Chronic Renal Failure Treatment Strategies

The selection of CRF treatment strategies should consider other patient’s conditions including diabetes. Thus, it needs a complex approach involving such aspects as lifestyle measures, glycemic control, and cardiovascular outcomes (Perkovic et al., 2016). Thus, diet and exercise have the potential to improve a patient’s condition because excessive salt intake, sedentary lifestyle, as well as obesity, are related to an increased risk of mortality among CRF patients (Perkovic et al., 2016). Glycemic control as a part of treatment is essential because diabetes is one of the proven risks for CRF. Thus, therapy can include glucose-lowering agents. However, hypoglycemia should be avoided. According to Perkovic et al. (2016), cardiovascular outcomes can be controlled through lipid-lowering and antiplatelet and antithrombotic therapy. Still, additional studies are necessary to investigate their effect on CRF in diabetic patients. On the whole, treatment of CRF consists of two major aspects such as managing the cause of the disease and its complications. Still, when the final stage of kidney disease is diagnosed and kidneys fail to perform their functions, there are only two options to consider, dialysis and kidney transplant.

Conclusion

On the whole, chronic renal failure is a condition caused by many factors. One of the significant agents leading to CRF is diabetes mellitus. Their interdependence should be considered during treatment as well as the selection of preventive strategies for CRF. Thus, chronic kidney disease is a frequent consequence of diabetes and in case of diabetes is not managed properly, it can develop into renal failure. In its acute stage, renal failure cannot be treated and patient condition can be improved through the procedure of dialysis. Finally, a kidney transplant can be necessary to restore kidney function. Therefore, chronic renal failure is a condition that should be prevented at earlier stages of chronic kidney disease. Moreover, attention should be paid to risk factors mitigation. Measures should be taken to manage such conditions as diabetes and hypertension since they increase the risk of CRF development.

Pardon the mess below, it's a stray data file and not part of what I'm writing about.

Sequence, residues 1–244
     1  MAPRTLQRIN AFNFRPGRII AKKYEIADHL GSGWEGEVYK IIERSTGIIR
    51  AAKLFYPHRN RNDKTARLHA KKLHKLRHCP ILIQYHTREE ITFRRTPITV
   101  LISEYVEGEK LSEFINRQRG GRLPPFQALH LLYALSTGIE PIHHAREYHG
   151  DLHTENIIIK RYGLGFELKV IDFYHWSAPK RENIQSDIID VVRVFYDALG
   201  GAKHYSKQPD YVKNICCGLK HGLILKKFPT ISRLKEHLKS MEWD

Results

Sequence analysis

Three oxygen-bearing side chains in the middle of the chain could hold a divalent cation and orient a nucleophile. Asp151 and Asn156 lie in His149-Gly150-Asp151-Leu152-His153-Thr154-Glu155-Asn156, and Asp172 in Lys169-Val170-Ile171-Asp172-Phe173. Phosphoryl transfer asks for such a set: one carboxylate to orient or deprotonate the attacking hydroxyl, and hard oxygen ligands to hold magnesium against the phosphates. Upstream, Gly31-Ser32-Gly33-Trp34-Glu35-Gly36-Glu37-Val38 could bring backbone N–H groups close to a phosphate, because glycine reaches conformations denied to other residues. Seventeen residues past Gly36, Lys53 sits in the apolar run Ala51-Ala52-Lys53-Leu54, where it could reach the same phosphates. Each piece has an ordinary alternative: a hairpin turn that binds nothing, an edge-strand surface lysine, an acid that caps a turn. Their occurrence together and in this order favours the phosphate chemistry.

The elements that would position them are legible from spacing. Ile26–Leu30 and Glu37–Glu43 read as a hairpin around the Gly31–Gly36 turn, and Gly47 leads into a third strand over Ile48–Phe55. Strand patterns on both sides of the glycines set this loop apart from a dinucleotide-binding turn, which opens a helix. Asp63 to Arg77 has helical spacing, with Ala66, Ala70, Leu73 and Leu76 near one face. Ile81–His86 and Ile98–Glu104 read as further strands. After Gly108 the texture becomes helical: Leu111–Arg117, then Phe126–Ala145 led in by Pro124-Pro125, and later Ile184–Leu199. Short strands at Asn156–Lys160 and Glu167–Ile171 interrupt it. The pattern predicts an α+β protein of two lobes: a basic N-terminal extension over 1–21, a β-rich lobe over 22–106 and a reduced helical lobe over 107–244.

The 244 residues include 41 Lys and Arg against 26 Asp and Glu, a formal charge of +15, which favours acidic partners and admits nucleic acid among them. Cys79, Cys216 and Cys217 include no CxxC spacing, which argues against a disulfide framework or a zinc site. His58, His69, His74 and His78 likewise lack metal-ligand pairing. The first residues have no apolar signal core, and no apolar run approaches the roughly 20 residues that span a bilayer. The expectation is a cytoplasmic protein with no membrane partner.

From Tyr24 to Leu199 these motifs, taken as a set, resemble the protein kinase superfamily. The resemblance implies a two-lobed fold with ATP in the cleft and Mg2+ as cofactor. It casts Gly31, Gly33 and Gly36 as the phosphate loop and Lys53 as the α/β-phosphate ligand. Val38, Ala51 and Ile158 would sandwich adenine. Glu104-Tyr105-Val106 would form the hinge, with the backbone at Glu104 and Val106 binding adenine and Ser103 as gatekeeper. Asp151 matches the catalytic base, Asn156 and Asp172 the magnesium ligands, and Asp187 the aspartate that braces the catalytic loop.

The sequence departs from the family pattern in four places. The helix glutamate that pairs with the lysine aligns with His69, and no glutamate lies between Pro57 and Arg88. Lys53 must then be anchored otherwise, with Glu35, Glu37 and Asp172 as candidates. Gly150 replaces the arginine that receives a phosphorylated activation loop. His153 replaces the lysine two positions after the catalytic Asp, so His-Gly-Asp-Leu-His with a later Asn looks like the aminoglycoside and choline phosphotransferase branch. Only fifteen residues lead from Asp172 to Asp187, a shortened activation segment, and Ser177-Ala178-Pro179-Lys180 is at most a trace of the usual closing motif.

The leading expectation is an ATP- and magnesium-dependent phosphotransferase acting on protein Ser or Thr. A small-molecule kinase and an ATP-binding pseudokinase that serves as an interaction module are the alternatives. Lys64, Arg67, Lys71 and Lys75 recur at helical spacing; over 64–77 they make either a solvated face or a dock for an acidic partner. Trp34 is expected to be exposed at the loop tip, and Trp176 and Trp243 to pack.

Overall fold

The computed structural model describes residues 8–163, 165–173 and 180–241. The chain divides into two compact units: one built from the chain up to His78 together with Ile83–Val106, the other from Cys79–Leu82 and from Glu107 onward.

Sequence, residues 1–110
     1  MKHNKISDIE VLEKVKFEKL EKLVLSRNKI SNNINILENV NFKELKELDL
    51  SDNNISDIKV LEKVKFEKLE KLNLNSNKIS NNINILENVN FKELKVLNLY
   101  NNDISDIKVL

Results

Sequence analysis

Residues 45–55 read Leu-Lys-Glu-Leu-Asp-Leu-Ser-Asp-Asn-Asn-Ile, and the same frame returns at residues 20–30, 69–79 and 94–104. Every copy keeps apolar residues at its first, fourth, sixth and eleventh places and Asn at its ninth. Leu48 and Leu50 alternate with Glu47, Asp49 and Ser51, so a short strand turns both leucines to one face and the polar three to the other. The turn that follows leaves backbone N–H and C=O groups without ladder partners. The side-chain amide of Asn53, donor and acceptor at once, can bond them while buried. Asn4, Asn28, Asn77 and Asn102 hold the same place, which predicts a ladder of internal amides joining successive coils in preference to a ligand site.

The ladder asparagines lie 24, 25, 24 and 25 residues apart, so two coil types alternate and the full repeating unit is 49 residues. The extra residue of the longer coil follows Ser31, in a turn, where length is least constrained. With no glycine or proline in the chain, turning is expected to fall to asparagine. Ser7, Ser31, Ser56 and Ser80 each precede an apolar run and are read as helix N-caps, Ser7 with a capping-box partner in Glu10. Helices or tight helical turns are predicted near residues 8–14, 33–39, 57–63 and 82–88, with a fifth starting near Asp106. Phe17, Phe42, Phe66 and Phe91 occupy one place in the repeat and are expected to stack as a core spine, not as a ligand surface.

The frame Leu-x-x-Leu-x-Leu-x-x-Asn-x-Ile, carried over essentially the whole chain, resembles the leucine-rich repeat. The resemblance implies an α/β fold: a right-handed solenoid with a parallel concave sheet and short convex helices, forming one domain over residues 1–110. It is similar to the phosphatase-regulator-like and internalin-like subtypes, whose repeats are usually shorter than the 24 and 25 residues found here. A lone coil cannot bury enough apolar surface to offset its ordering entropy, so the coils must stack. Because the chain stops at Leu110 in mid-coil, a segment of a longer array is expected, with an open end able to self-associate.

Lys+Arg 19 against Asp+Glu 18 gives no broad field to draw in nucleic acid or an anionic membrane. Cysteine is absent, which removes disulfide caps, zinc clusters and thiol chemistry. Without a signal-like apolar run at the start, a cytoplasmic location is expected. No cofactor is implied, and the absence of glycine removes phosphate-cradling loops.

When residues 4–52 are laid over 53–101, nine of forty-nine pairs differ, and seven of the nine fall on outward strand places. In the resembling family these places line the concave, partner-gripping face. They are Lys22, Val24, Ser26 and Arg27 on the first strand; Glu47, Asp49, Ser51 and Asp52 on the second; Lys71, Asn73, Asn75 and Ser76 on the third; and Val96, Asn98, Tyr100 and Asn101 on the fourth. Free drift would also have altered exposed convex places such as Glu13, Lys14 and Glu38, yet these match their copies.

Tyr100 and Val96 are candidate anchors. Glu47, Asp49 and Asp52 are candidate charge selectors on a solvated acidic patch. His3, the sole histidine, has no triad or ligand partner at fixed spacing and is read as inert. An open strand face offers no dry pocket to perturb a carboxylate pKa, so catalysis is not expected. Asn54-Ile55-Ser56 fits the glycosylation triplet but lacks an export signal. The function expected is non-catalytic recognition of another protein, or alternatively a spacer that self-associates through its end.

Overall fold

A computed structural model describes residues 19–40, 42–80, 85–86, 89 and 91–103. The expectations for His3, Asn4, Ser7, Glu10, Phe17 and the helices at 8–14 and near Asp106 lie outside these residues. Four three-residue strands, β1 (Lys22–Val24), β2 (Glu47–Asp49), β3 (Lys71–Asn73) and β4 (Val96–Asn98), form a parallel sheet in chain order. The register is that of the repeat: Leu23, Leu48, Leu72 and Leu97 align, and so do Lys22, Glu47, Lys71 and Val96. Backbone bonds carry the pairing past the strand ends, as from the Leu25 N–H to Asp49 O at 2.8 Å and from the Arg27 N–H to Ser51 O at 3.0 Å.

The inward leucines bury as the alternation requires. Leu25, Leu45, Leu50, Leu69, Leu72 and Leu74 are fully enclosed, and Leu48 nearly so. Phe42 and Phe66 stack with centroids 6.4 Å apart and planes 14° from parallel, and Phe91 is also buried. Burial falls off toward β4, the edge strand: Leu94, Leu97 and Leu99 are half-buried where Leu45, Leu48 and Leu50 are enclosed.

References

Bailey, R., Wang, Y., Zhu, V., & Rupnow, M. (2014). Chronic kidney disease in US adults with type 2 diabetes: an updated national estimate of prevalence based on Kidney Disease: Improving Global Outcomes (KDIGO) staging. BMC Research Notes, 7(1), 415. Web.

McFarlane, P., Gilbert, R., MacCallum, L., & Senior, P. (2013). Chronic kidney disease in diabetes. Canadian Journal of Diabetes, 37, S129-S136. Web.

Nasri, H., & Rafieian-Kopaei, M. (2015). Diabetes mellitus and renal failure: Prevention and management. Journal of Research in Medical Sciences, 20(11), 1112-1120. Web.

Perkovic, V., Agarwal, R., Fioretto, P., Hemmelgarn, B., Levin, A., Thomas, M., … Groop, P.-H. (2016). Management of patients with diabetes and CKD: conclusions from a “Kidney Disease: Improving Global Outcomes” (KDIGO) Controversies Conference. Kidney International, 90(6), 1175-1183. Web.